Precautions When Using UV Sterilization Devices
In recent years, many smaller versions of the UV light cleanser have become available to consumers to sterilize everything from mobile phones to toothbrushes. They are available in various forms, including wands, boxes, and bottles, and each of them comes with its own manual of instructions on how to use the light to kill germs along with specifics on light source distance and exposure time.
It’s essential to follow the instructions because even though the benefits of UV light sterilization are significant, it has one major drawback: since it can destroy DNA, it can be very harmful to humans if used incorrectly. If you don’t use protective equipment during the usage of UV light, it can cause skin cancer and cataract.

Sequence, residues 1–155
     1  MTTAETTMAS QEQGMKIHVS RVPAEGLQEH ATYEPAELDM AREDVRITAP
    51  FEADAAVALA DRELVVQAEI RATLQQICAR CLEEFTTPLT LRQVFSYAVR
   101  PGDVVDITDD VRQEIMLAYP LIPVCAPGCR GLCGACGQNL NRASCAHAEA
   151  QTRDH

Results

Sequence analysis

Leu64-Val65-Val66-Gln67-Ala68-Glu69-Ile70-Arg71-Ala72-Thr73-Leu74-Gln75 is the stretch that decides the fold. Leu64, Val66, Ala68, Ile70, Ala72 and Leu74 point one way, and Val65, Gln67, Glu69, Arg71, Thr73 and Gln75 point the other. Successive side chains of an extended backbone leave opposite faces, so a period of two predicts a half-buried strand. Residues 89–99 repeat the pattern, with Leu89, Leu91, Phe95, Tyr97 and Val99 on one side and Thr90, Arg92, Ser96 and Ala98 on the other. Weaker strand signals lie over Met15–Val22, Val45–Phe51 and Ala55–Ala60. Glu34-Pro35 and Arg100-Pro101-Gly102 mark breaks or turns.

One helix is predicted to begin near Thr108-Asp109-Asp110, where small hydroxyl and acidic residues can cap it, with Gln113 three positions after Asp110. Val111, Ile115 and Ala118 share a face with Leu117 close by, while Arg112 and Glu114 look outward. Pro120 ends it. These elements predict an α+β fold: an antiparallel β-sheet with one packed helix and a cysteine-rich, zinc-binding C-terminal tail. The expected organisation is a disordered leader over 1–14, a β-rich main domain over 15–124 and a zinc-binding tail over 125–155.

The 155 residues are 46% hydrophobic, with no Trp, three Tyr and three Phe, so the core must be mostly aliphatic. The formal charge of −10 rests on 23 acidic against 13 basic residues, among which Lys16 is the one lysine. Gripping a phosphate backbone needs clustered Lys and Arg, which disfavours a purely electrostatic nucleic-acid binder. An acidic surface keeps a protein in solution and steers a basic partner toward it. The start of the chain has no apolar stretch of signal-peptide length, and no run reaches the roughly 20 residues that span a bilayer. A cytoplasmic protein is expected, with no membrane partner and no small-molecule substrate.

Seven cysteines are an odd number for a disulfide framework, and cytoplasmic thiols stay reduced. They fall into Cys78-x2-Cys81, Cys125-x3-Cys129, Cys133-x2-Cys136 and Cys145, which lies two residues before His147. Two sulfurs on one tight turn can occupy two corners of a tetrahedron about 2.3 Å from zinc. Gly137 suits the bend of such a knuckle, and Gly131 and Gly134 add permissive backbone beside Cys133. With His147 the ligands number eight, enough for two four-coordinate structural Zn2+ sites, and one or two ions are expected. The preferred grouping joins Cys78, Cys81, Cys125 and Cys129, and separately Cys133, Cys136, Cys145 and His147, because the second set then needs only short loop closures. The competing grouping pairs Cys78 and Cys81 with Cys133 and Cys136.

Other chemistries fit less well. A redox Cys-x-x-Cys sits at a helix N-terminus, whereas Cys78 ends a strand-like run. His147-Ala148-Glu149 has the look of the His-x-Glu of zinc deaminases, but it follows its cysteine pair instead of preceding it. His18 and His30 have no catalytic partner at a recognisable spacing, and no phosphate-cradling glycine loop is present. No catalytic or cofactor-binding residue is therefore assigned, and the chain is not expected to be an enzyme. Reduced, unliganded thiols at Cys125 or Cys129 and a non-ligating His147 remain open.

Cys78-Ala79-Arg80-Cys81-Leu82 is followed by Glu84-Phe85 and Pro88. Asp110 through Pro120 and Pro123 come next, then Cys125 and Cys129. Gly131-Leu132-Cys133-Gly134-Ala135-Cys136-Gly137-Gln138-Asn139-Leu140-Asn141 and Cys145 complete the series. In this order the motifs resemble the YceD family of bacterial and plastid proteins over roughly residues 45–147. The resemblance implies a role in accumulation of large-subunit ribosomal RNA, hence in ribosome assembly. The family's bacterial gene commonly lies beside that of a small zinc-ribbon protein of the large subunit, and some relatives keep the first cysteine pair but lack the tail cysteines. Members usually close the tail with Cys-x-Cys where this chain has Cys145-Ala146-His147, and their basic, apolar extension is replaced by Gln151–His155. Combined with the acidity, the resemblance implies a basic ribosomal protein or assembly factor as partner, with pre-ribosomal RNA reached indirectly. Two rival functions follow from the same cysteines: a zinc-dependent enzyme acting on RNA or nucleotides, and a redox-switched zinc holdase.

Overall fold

Not all UV light cleansers are the same, though. Most low-cost ones are low in potency. Therefore, you may be able to look at or be in the same room with them. This, however, means that they are not as effective and will require a longer exposure time to kill viruses and bacteria as efficiently as stronger UV light sterilization devices.
By combining the safety features and the strengths of UV-C wavelength, Wolven’s technology maximizes the intensity of bacteria-killing light delivered. Don’t just wash your hands, prevent yourself from exposure to bacteria and viruses in the first place!